Hazards associated with manual patient handling continue to compromise the health and safety of nurses. Among nurses who responded to the American Nurses Association’s (ANA’s) Health Risk Appraisal:
• 42% believe they are at risk at work from lifting or repositioning patients
• 13% have had a debilitating musculoskeletal injury
• 75% have access to safe patient handling and mobility (SPHM) technology, but only half use it consistently.
We must take a closer look at this problem and ask critical questions: Why do only half of the nurses who could use SPHM technology actually use it? Is the equipment relatively inaccessible? Is it heavy or difficult to use? Is enough SPHM technology available to meet patients’ needs? Have nursing staff received the education they need to use it properly? But even if every nurse had access to SPHM technology, equipment alone isn’t the answer. Comprehensive SPHM programs are necessary to eliminate manual patient handling. ANA’s Safe Patient Handling and Mobility: Interprofessional National Standards and the corresponding implementation guide provide a framework for developing effective and sustainable SPHM programs. Important program elements include:
• maintaining a commitment to a culture of safety
• choosing appropriate SPHM technology
• ensuring SPHM technology is accessible
• conducting ongoing training to maintain competency
• conducting ongoing program evaluation and remediation.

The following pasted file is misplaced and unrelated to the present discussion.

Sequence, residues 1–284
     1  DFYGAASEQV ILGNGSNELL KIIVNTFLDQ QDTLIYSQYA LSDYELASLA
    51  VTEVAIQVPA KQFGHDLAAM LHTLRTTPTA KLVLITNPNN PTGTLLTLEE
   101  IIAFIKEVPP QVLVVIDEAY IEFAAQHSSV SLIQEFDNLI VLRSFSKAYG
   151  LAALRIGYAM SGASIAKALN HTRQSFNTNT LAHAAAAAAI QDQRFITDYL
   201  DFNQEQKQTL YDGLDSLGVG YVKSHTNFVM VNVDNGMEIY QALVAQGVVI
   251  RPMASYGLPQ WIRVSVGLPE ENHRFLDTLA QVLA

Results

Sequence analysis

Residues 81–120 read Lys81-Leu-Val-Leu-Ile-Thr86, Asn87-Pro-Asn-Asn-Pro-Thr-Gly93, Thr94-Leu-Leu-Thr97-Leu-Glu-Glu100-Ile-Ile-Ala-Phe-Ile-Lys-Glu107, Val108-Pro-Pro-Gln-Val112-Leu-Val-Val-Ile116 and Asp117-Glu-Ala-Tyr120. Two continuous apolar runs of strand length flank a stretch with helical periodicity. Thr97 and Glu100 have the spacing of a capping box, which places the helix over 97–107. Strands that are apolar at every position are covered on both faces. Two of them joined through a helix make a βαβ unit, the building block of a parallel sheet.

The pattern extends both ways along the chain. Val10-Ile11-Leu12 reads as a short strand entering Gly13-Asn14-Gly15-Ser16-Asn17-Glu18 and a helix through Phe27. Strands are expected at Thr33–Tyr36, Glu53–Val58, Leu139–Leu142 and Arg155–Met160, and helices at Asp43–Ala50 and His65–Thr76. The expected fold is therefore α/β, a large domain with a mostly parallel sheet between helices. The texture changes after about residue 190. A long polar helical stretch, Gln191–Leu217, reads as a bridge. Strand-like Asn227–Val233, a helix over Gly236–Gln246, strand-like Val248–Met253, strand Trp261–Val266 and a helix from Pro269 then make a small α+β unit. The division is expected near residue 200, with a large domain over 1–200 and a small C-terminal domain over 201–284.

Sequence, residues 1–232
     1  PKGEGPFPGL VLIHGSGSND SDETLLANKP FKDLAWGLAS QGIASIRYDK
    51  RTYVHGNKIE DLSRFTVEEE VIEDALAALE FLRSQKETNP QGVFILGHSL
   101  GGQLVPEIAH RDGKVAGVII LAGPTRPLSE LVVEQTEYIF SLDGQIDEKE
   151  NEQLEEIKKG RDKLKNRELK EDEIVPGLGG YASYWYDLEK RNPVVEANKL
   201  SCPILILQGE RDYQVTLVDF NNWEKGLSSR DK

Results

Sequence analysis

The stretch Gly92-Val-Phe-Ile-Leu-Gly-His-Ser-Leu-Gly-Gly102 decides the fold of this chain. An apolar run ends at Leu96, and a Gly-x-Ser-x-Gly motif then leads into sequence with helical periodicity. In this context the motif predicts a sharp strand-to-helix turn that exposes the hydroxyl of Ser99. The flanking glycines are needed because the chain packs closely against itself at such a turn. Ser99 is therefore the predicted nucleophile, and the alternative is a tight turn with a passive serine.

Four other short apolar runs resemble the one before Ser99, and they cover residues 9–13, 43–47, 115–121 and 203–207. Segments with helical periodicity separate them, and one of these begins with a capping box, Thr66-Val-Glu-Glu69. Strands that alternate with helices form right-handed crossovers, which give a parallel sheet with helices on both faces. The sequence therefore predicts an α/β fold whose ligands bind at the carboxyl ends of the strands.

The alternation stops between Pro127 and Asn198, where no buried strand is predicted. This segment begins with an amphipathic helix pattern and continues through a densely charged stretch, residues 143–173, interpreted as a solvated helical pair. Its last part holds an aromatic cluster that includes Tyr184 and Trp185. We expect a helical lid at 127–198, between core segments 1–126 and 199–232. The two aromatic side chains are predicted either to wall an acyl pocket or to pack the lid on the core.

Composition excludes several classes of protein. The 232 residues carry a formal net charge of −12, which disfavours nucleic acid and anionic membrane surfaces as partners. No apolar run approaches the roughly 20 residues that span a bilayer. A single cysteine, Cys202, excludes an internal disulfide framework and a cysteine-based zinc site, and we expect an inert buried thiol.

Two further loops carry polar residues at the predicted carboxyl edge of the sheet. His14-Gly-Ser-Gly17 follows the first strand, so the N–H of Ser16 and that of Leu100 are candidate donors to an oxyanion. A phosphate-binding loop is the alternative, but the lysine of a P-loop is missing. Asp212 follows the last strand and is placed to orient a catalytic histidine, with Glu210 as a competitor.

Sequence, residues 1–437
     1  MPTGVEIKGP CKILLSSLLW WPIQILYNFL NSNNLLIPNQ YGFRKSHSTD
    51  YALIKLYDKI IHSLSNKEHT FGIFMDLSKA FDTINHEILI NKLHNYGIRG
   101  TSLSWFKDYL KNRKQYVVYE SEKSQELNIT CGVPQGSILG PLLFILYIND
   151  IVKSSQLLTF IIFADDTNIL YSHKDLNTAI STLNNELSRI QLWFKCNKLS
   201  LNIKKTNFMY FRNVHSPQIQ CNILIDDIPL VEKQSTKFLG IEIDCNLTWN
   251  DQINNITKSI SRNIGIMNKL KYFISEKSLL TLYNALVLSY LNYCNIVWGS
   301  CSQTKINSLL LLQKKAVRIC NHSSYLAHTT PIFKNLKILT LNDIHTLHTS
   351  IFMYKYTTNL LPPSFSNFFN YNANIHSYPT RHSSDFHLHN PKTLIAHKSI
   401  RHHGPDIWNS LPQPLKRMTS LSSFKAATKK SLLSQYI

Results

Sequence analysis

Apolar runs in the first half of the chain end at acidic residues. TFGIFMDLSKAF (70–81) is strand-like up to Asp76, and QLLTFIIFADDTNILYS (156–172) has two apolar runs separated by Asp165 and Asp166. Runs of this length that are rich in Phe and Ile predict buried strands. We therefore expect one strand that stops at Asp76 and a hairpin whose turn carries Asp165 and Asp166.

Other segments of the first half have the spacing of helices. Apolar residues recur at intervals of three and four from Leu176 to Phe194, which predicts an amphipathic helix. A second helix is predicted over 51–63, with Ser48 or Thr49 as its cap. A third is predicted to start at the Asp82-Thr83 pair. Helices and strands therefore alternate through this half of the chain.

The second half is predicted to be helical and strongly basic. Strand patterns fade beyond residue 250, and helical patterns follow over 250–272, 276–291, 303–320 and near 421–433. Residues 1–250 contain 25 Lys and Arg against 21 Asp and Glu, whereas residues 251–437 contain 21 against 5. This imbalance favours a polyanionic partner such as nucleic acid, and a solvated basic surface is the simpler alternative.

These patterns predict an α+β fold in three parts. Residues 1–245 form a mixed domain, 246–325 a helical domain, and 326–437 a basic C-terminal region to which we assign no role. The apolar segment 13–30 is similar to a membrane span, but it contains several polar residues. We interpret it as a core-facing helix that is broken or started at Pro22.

This special report gives you the information you need to help you or your employer develop and implement an SPHM program or enhance an established one. The report details risk factors for patient handling injuries, describes a multifactorial approach to preventing these injuries, discusses the importance of a culture of safety and commitment to SPHM, and provides strategies that help prevent injuries. A graphic on the last page summarizes key points of the report. Additional information is available in the article “Five strategies to help prevent nurses’ patient-handling injuries.”
Debilitating musculoskeletal injuries have ended too many nurses’ careers. We can no longer allow the health and safety of the nursing workforce to be compromised. We’re all on this journey to a safer workplace together. We all need to do our part.
Ruth Francis is a senior policy advisor and Jaime M. Dawson is a program director in the Nursing Practice and Work Environment Department at ANA.
Executive Summary: American Nurses Association Health Risk Appraisal (HRA). Preliminary Findings October 2013-October 2014. nursingworld.org/HRA-Executive-Summary.
American Nurses Association. Safe Patient Handling and Mobility: Interprofessional National Standards. Silver Spring, MD: American Nurses Association; 2013.